In my ideal closet, everything has a place: short sleeves on one rod, long sleeves on another, dresses and skirts on another. Belts and strings are tied up at the waist, never dangling. Sleeves are smoothed out. Hangers are equidistant. Each rod is an array of color in the order of ROY-G-BIV.
Every time I’ve gotten my closet to that point, I’ve always had plans for keeping it that way, but it’s like sweeping the the beach. Just as soon as I think I’ve got my spot smoothed out, the winds of busyness keep moving the sand around, and I just can’t keep up. Within a week, the clothes are lingering in the laundry basket and the dryer steam cycle has to save the day, springing them to life again.
As we are packing for a day trip to the Indiana Dunes National Lakeshore this weekend, my laundry is piling like those sand dunes. Do you know how dunes are formed? Sand moves through the air on bursts of wind and stops when it comes upon an obstacle, like the trunk of a tree or a large rock. And then it builds.
For me, that “obstacle” is creativity and the written word. Each day, when nap time comes around and the kids are tucked quietly (well, on a good day, anyway!) in their rooms, I retreat to my notebook and pencil, my keyboard and screen, a little vacation in the middle of my day.
In my last post, I mentioned Anne Morrow Lindbergh’s affirmation that women need solitude in order to “find again the true essence of themselves”. Sometimes that may mean taking some time to get away alone like she did on Captiva Island in the early 1950s. Sometimes it means resting from our work in the middle of our day and taking time to find our own contemplative corner.
On vacation, domestic work is cut to a minimum. I make simple meals, dirtying only a few dishes. Clean up is quick and easy. I bring a minimal wardrobe and wear things more than once. Often, I forget about make-up and doing my hair, and instead let the wind give me the tousled look.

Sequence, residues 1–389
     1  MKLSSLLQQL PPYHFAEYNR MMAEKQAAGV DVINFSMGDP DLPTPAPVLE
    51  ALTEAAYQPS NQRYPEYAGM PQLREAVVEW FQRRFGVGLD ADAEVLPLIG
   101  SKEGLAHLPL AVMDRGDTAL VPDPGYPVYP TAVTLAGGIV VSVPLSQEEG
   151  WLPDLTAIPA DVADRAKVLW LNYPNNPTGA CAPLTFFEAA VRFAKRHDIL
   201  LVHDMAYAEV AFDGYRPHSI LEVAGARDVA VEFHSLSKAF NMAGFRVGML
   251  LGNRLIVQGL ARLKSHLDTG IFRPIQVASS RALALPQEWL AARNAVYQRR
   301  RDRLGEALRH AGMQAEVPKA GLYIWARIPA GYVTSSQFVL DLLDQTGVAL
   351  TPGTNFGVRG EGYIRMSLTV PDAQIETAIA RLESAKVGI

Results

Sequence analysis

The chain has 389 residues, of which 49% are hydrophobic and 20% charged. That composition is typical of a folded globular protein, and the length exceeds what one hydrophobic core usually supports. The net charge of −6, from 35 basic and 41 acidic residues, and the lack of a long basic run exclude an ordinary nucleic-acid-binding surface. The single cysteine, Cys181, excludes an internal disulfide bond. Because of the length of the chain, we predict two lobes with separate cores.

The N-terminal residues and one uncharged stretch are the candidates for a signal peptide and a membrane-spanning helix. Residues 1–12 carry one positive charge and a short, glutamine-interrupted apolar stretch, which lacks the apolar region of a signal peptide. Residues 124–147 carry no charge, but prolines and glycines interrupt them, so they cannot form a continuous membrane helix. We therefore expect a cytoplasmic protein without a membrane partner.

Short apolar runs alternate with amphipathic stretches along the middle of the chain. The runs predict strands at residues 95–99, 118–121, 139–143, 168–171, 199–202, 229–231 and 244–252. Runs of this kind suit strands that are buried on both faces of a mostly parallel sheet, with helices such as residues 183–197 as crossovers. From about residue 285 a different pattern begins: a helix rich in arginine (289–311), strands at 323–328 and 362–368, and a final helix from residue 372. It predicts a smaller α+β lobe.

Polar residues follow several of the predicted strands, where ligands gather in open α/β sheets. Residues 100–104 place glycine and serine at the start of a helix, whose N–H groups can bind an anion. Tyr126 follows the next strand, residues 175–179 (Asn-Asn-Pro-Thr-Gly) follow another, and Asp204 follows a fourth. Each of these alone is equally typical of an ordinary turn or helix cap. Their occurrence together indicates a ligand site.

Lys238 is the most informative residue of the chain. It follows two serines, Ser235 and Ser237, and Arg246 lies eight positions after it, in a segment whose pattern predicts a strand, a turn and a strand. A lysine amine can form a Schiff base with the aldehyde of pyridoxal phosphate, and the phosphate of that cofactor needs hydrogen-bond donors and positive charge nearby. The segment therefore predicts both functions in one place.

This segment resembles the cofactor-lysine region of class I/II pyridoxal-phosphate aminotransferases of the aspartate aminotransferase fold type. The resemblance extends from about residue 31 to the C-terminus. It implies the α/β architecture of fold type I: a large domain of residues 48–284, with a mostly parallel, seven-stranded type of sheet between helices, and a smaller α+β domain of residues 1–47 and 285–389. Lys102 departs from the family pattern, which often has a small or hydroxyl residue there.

Of her own vacation, Anne said, “I find I don’t bustle about with unnecessary sweeping and cleaning here. I am no longer aware of the dust. I have shed my Puritan conscience about absolute tidiness and cleanliness. Is it possible that, too, is a material burden?”
When nap time is over and I return from my mini-vacation, I do have to work to keep us from getting lost in the laundry. I simplify and speed up the task by keeping myself from perfectionism. Sometimes I do laundry games with the kids to make it more of a fun, communal activity. I overlook the sloppy folding in favor of the time spent building good habits and good connection. When laundry is piled high, if a shirt comes out of the dryer inside out, that is how I hang it. The seconds I save on each item add up into valuable minutes of time spent in creativity or with my family. My creative call may be an obstacle to a perfectly clean house, but I’m willing to live in view of a few laundry dunes and inside out shirts in order to get a daily mini vacation.
I hope you’ll join me in exploring more of these ideas as we dig into Anne Morrow Lindbergh’s classic book Gift from the Sea in our summer book club! This memoir helps women contemplate how to live a simple life in a complicated world. Take a virtual vacation with us as we ponder love, marriage, motherhood, friendship, the creative life, simplicity, solitude, generosity, youth, and age, all through the metaphor of beautiful seashells found on a quiet island. This is a short, refreshing read perfect for an easy, breezy summer book club. I’ll write on a different chapter each week until we’ve wandered our way to the end. It’ll be our own little getaway.